A kind of lively song, sung in couplets, with a refrain; a theatrical piece intermingled with light or satirical songs.
- Etymological and pronouncing dictionary of the English language. By Stormonth, James, Phelp, P. H. Published 1874. (noun) (n.) (noun)
A lively or satirical song: a short dramatic piece interspersed with such.
- The american dictionary of the english language. By Daniel Lyons. Published 1899. (noun) (n.) (noun)
In French poetry, a species of light song, generally of a comic or satirical nature; a dramatic piece, whose dialogue is intermingled with light or comic songs.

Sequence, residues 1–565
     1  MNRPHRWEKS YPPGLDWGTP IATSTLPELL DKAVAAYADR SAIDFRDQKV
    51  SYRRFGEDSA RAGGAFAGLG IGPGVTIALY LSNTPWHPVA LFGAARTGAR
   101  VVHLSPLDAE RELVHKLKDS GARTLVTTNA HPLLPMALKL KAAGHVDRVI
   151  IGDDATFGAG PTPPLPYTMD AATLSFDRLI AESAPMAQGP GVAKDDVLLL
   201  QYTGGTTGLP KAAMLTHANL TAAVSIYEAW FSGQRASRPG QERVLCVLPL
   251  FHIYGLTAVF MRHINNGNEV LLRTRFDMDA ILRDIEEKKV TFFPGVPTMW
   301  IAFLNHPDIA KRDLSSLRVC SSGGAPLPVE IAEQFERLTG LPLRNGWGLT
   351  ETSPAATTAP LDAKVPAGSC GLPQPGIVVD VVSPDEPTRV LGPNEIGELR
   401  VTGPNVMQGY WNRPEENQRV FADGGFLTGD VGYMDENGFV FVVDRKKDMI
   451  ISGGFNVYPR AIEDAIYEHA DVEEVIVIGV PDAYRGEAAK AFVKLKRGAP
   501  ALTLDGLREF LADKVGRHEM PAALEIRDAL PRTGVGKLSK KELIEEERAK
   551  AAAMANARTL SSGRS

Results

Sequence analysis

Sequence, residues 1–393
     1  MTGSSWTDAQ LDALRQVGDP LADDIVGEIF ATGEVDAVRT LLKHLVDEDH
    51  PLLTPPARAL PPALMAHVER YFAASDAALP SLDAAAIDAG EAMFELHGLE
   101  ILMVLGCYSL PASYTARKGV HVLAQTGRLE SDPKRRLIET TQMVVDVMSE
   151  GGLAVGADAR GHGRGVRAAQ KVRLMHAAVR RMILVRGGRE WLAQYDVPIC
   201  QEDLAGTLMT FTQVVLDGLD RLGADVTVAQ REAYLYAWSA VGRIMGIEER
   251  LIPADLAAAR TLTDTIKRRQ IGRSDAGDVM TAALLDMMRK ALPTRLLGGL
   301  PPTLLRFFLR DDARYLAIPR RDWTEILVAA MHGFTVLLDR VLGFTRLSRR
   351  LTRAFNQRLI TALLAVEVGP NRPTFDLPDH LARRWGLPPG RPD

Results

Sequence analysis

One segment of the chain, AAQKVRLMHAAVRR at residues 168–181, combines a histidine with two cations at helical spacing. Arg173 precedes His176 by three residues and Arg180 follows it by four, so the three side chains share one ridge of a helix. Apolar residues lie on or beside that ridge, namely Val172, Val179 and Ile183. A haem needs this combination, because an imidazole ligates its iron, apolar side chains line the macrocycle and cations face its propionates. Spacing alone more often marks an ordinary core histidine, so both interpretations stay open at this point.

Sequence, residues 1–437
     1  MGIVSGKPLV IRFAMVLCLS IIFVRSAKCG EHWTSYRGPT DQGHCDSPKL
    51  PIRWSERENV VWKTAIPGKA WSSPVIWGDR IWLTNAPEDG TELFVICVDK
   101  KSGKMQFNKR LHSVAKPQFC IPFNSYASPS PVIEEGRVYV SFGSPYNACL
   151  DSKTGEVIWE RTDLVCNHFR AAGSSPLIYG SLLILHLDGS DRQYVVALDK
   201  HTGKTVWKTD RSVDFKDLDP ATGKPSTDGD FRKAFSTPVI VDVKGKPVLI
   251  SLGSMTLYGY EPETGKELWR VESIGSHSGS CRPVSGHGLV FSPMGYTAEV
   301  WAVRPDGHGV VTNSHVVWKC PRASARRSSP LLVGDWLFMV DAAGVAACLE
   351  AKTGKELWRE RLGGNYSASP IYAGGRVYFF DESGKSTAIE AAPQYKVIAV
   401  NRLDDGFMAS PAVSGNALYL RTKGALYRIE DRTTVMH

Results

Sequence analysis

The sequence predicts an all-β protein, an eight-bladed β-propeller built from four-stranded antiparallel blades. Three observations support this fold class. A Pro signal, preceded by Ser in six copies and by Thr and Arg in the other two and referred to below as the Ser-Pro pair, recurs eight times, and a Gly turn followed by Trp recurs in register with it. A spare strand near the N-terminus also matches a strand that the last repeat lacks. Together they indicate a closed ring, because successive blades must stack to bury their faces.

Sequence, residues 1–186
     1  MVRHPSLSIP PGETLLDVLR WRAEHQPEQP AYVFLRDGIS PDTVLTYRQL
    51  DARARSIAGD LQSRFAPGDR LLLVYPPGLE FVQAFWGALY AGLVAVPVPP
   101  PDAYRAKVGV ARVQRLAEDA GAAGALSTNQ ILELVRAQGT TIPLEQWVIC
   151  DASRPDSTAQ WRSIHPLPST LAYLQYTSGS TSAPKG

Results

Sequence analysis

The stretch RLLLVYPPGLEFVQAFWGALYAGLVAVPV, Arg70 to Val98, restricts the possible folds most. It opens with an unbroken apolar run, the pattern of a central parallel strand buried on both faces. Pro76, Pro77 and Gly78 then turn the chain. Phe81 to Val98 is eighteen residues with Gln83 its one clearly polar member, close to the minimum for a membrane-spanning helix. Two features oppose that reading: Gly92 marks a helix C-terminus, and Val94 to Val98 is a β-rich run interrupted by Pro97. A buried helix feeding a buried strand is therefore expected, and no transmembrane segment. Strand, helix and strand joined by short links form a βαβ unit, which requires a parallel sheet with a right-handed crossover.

- Nuttall's Standard dictionary of the English language. By Nuttall, P.Austin. Published 1914. (noun) (n.) (noun)

Usage examples:

If I could produce those voices I would go on the vaudeville stage to- morrow.
- The Shadow World by Hamlin Garland
The wheel team, in the meantime, was doing what Packard later described as " a vaudeville turn of its own."
- Roosevelt in the Bad Lands by Hermann Hagedorn
She has not appeared in opera for some time, for during the season of 1899- 1900 she followed the general inclination and went into vaudeville
- Famous Prima Donnas by Lewis Clinton Strang